SEP 02, 2017 09:48 AM PDT

Pancreatic Cancer Detection? There's a Selfie App for That!


Image credit: Dennis Wise/University of Washington

Steve Jobs, the late co-founder and CEO of Apple, would have been intrigued by a new app that researchers say can detect an early sign of pancreatic cancer, the very disease that took Jobs’ life.

The app is called BiliScreen, and it may be the first of its kind – a diagnostic selfie app. Developed by researchers at the University of Washington, BiliScreen is so named because it uses computer vision algorithms to analyze a person’s eyes for increased bilirubin levels.

One of the more common early symptoms of pancreatic cancer is jaundice, the yellowing of the skin and eyes. Jaundice is caused by the buildup of bilirubin, a yellow-brown substance produced by the liver as part of bile. Sometimes, with a diseased pancreas, the common bile duct  is blocked and bile can’t reach its destination, the intestines. This blockage leads to the buildup of bilirubin in the body, which manifests as jaundice. Jaundice can also occur in the later stages of pancreatic cancer, because as the disease advances out of the pancreas into the liver, the bile process can also be affected.

While blood tests can quantify levels of bilirubin, this method is invasive and has to be done by a medical professional. Furthermore, if people aren’t coming in for regular checkups, they may not know to ask for a bilirubin blood test.

The eyes have it

Based on these clinical observations, the research team engineered an app that can detect whether a person’s eyes have higher bilirubin levels than normal. In theory, all a person would need is a smartphone that can take their selfie. The app would do the rest – alerting them to seek medical care if their eyes show more yellow than normal.

“The eyes are a really interesting gateway into the body ― tears can tell you how much glucose you have, sclera can tell you how much bilirubin is in your blood,” said Shwetak Patel, the study’s senior author.

In an early trial of 70 people, researchers show the app can correctly identify “cases for concern” in almost 90 percent of the time, as compared to traditional bilirubin blood tests.

“The problem with pancreatic cancer is that by the time you’re symptomatic, it’s frequently too late,” said lead author Alex Mariakakis, a doctoral student at the Paul G. Allen School of Computer Science & Engineering. “The hope is that if people can do this simple test once a month—in the privacy of their own homes—some might catch the disease early enough to undergo treatment that could save their lives.”

So far, the app requires users to wear special glasses or a 3D-printed light-controlling box that normalizes the eyes’ exposure to light. The team wants to optimize further and reduce the need for these extra add-ons.

“This relatively small initial study shows the technology has promise,” said Jim Taylor, a study co-author whose father died of pancreatic cancer at age 70. “Pancreatic cancer is a terrible disease with no effective screening right now. Our goal is to have more people who are unfortunate enough to get pancreatic cancer to be fortunate enough to catch it in time to have surgery that gives them a better chance of survival.”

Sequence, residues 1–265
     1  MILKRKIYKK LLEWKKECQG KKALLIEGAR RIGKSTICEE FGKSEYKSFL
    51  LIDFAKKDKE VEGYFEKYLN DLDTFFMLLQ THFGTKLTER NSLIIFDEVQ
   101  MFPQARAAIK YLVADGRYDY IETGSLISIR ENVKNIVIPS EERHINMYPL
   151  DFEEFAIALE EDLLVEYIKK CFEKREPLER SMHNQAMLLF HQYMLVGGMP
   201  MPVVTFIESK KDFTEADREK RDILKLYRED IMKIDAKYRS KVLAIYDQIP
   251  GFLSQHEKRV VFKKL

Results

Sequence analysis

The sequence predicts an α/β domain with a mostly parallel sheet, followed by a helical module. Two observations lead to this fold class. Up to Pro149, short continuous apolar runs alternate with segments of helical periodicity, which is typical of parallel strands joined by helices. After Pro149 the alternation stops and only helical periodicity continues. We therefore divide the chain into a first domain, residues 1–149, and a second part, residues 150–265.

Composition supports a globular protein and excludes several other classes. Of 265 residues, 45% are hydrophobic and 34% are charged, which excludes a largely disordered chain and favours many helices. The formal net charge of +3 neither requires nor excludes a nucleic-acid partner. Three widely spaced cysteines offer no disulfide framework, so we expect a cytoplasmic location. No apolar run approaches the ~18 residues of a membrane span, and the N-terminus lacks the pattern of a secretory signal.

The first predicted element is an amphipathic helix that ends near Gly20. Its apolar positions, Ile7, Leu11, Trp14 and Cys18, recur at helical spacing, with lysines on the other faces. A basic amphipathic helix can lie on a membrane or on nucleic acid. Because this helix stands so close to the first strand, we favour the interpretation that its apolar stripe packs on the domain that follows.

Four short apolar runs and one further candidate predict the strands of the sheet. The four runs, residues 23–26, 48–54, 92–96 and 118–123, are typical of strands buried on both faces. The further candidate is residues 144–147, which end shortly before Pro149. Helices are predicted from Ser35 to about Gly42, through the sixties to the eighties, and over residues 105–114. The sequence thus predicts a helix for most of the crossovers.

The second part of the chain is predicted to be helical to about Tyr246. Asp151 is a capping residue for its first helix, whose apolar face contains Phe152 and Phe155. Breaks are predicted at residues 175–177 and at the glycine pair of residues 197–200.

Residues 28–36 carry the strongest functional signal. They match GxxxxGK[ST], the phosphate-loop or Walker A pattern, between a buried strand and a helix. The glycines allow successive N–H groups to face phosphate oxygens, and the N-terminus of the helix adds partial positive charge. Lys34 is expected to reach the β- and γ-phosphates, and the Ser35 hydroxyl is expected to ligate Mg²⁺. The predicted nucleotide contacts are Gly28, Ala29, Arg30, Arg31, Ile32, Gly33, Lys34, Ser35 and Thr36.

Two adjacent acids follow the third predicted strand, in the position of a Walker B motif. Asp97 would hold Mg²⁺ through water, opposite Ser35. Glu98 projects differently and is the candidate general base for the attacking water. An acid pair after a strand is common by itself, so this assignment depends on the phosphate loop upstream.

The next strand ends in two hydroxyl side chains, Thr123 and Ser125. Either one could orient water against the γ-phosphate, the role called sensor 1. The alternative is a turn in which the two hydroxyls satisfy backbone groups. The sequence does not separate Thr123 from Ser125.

Perpetuating the ‘WebMD syndrome’?

Although the premise of a cancer-detecting app is extremely enticing, some researchers remain skeptical. In particular, skeptics point out that jaundice of the eyes is a very common symptom in many other diseases, which may not be related to pancreatic cancer. As such, the app could lead to undue stress and even overdiagnosis.

“There’s no evidence that this app can accurately pick up cases of pancreatic cancer, especially since jaundice can also be a sign of many other health conditions. Technology such as this would need to go through much larger clinical trials before we know whether it has the potential to be a useful and reliable too,” per the Cancer Research UK.

The app’s creators acknowledged these concerns.

“A lot of people might be familiar with WebMD syndrome where people will think they have some sort of symptom, they look online, and all of the sudden, they think they might have a very serious condition. And so they go to their doctor very worried,” said Mariakakis. “Our app and many other mobile diagnostic apps could perpetuate that because not only are we telling people they might have the condition but we are giving them data to support that. So we want to be very careful about how we present these kinds of results to people.”

Additional sources: University of Washington, Fierce Biotech

About the Author
  • I am a human geneticist, passionate about telling stories to make science more engaging and approachable. Find more of my writing at the Hopkins BioMedical Odyssey blog and at
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